UPDATED: This probably comes as no shock, but divorce is expensive. Why? To paraphrase the old dad-joke, because it’s worth it!
In all seriousness divorce often does cost a great deal of money. Many things impact the ultimate financial cost, and like most things with ending a marriage, it varies from one case to the next. No two marriages are the same. Consequently, neither are any two divorces. Unique elements will always impact some and not others.
Still, there are common factors that often inflate the cost of divorce.
Three majors factors that impact the cost of divorce are conflict, compromise, and counsel.
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Let’s break them down:
The first factor that often inflates the cost of divorce is conflict.
The way conflict impacts cost is pretty simple: the more conflict you have, the more expensive your divorce becomes. If you and your soon-to-be-ex fight over every issue, resolution takes time. And that takes money.
High conflict divorces are more complex, and unraveling all of those additional complications takes resources.
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Whether you want to hear it or not, divorce takes compromise. Refuse to compromise, and the cost of divorce tends to skyrocket.
The only type of divorce that doesn’t require compromise is a default judgment. That’s when your ex fails to take action and essentially forfeits the case.
It’s key to go into the divorce process with a clear idea of where you’re willing to compromise, and where you aren’t. A clear idea of what is and isn’t open for negotiation helps create a strategy. It’s important to protect what matters most to you, but it’s also vital to know what’s not worth the effort.
Refusal to compromise draws out your case and increases conflict. And remember what was said earlier about conflict increasing divorce cost?
If you can’t compromise on anything, you’re most likely headed to trial. (Though, contrary to popular belief, most divorces don’t go to trial.) Not only is that a costly process, but it also takes the outcome out of your hands and places it at a judge’s discretion.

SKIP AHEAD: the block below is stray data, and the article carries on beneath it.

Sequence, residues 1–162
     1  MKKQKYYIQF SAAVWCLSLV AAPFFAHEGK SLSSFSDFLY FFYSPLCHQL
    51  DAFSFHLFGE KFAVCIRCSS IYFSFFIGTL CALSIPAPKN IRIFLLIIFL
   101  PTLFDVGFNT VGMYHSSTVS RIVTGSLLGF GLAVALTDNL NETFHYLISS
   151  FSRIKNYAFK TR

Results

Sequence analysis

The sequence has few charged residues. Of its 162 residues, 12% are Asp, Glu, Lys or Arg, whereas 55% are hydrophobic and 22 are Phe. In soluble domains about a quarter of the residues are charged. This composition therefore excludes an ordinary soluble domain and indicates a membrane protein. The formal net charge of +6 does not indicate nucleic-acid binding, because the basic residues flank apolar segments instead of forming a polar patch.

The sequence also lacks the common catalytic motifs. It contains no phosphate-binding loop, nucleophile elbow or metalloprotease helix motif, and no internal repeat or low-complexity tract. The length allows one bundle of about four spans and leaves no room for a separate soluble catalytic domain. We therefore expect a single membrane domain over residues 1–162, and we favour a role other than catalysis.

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Divorce doesn’t require you to hire a lawyer. That said, unless it’s a simple, straightforward case with little conflict, it’s usually in your best interest to have representation.
The problem with hiring a divorce attorney is that it costs money.
Divorce lawyers usually charge between $200 and $400 dollars an hour. That figure alone is enough to make a DIY approach tempting. This strategy can, however, wind up costing you even more in the long run.
Many people undertake their own divorce only to end up at a disadvantage. It’s all too common for people to agree to unfavorable terms, a less-than-optimal custody schedule, or leave potential assets on the table.
Yes, hiring an attorney can be expensive. But it can also ensure that support payments are accurately calculated, the division of assets and debts is fair, and you protect what’s most important. The decisions you make in divorce have a huge impact on your financial future.
While the cost may seem like a lot now, you may save thousands of dollars of the course of your life.
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It’s probably obvious that these three factors don’t exist in a vacuum. They each interact and play off of one another.
For instance, the less you compromise, the more conflict you experience, the longer the process takes, the more you have to pay your counsel. And so on.
There are ways to cut down the cost of divorce. You can educate yourself on the process, do some of the leg work yourself, and more.
Though there’s the old joke about divorce being so expensive because it’s worth it, it’s definitely worth doing right. What happens here and now echoes for years. It’s important to take steps to ensure you get what you need out of divorce.
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